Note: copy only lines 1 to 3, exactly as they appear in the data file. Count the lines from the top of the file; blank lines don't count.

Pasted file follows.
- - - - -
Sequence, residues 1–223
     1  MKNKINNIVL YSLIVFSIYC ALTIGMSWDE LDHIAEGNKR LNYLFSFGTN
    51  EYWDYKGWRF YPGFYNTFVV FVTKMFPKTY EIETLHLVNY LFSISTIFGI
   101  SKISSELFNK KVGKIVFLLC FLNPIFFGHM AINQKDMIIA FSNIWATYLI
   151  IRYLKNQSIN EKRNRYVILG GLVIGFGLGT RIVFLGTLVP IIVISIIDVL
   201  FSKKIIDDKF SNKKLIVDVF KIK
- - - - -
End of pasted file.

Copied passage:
Sequence, residues 1–223
     1  MKNKINNIVL YSLIVFSIYC ALTIGMSWDE LDHIAEGNKR LNYLFSFGTN
    51  EYWDYKGWRF YPGFYNTFVV FVTKMFPKTY EIETLHLVNY LFSISTIFGI